Shake Shack is Danny Meyer’s modern answer to the traditional roadside diner. With 25 James Beard Foundation awards to his name, Meyer is most often celebrated for his New York hotspots Union Square Cafe and Gramercy Tavern. With Shake Shack, he’s made his commitment to quality, contemporary American fare accessible to a broader audience.
There’s nothing fancy about the Shackburger. There’s no spin or gimmick—just a straightforward, honest-to-goodness burger. Here’s how it breaks down:
Shake Shack serves its burgers on potato rolls from Martin’s Famous Pastry Shoppe. I’m not the one saying they’re famous, that’s actually their name. But if they aren’t famous they should be. Buttered and lightly toasted, the bread has a delicate burger-side crunch. Topside they practically melt away. It’s a contrast you notice immediately, and one you appreciate throughout the experience.
The exact makeup of a Shackburger patty is of course a guarded secret. Reportedly, it’s about 50% sirloin, 25% chuck and 25% brisket. Other sources claim it’s mostly brisket. Whatever the ratios, it is appropriately fatty, hot, and delicious. The patties are smashed on the grill, giving them a crisp, salty crust that seals the flavors and juices inside in a way that makes it incomparable to almost any other burger you’ve tried.
Nothing but good ol’ American cheese here of course. It’s smooth and creamy and salty and melts beautifully into the nooks and crannies of the Shackburger’s perfectly imperfect patty.
Again, Shake Shack sticks to the classics: slightly bitter green leaf lettuce, a couple of slices of sweet Roma tomato, and “Shacksauce”. The sauce is a combination of house-made mayonnaise, ketchup, and mustard, along with some other unnamed but welcome flavors.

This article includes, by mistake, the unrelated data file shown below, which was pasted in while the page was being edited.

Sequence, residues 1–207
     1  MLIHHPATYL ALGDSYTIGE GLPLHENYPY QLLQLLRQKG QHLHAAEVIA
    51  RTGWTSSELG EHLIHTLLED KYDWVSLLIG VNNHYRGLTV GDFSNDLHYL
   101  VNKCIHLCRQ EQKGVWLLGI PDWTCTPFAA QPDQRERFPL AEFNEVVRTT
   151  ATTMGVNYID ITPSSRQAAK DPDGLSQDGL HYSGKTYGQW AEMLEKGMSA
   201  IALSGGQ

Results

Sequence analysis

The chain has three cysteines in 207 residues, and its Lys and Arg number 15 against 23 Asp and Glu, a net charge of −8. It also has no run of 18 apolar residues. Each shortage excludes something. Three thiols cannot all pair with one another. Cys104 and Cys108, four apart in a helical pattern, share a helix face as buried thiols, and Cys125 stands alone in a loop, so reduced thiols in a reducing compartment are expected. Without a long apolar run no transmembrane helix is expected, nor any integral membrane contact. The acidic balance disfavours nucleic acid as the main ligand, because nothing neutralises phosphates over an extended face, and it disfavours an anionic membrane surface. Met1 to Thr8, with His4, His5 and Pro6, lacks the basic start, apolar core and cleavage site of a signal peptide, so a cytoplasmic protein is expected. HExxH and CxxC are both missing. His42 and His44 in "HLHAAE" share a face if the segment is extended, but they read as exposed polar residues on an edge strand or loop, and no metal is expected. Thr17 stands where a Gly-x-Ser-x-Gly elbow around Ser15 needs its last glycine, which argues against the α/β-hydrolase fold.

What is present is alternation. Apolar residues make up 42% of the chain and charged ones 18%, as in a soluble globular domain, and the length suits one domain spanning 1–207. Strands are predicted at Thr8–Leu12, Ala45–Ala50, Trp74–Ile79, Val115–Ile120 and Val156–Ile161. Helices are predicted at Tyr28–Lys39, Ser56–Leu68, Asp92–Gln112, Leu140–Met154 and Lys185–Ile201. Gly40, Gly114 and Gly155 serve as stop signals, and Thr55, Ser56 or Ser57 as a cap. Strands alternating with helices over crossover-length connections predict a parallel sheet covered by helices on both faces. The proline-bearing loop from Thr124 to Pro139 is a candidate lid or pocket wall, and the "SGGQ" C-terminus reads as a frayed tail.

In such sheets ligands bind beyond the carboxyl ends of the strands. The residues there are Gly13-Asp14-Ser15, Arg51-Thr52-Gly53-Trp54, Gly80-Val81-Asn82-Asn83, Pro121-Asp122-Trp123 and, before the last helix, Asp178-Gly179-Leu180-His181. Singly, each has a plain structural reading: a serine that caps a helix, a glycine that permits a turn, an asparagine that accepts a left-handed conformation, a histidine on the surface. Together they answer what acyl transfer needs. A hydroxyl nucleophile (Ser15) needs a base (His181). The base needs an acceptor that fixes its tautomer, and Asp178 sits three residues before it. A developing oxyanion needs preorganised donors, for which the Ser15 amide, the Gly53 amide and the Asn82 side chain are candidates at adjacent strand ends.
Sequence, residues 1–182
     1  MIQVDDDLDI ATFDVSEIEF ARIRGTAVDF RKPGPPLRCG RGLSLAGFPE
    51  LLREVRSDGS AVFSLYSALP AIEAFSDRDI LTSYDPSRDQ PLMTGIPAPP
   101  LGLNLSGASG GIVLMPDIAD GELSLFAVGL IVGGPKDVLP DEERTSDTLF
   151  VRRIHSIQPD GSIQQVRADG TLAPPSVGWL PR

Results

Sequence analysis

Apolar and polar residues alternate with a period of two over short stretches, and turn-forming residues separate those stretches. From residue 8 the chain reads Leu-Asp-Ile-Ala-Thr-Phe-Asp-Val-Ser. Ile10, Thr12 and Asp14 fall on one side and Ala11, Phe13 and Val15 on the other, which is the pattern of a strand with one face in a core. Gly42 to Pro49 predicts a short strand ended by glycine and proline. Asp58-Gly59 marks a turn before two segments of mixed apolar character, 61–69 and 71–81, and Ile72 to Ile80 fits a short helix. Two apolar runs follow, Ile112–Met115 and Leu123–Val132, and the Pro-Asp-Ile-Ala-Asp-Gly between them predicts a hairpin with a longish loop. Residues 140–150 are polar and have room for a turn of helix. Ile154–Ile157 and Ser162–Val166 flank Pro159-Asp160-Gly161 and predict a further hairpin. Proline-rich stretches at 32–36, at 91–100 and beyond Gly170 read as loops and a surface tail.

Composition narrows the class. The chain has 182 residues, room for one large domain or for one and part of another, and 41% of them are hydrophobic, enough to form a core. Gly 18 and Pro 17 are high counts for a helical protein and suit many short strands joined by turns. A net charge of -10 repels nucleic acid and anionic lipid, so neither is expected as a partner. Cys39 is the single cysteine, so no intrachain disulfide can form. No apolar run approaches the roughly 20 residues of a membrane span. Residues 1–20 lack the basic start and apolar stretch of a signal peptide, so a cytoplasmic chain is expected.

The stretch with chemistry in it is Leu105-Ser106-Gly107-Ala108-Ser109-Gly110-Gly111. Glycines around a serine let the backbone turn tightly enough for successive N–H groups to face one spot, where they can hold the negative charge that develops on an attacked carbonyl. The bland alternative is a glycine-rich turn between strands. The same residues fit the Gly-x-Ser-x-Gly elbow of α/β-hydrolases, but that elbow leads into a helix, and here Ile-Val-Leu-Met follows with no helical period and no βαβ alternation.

True to its fare, the Shake Shack identity achieves an unambiguous point of view using a few basic ingredients. The primary logotype and exterior signage are set in Neutraface. Based on the typography of Richard Neutra, it’s a perfect paring for the chain’s architecturally-assertive branding. It works terrifically at scale and is surprisingly adaptable across cultures and locales (as of this writing, Shake Shack has 56 outposts in locations as varied as New York, London, Istanbul, Moscow, and Dubai). On its menus, packaging and interior signage, Neutraface is improbably paired with a quirky script called Galaxie Cassiopeia and supported by the plainspoken, stalwart workhorse, Futura. These three typefaces artfully express the ethos of both the burger and the brand. Neutraface is the bun: sturdy, reliable and architectural. Futura is the patty: basic but bold. Galaxie is the lettuce: wavy, quirky and fresh. To the layperson this comparison may seem like a stretch, but designers know they are purposefully expressive.
Simple, almost coarsely-drawn icons round out the identity with the same commitment to funky minimalism that pervades the brand. A bright green (Pantone 369 to my eye) serves as the only accent color, adding a vibrant, pop sensibility to the cool, post-modern-deco architecture. The product names are unapologetically labored (Shackburger, Shackstack, Dogmeister, etc.), but have an inviting quirkiness that keeps the brand lighthearted and fun. With a following approaching cult status, Shake Shack’s approach to merchandising is purposefully malleable and collaborative (yo, Shake Shack, let’s collaborate!).
In sum, they do everything right—no surprise with Pentagram’s Paula Scher at the helm and designers Lenny Naar and Andrew Freeman on the team.
The result is well-balanced and unpretentious. In some ways it’s nostalgic, in others entirely new. It tastes and looks and feels like your idealized memory of that amazing burger you think you remember from a childhood road trip but which has eluded you ever since. Judging by the lines that wind out the door, there are plenty of others as hungry as I am for a taste of the difference good design makes.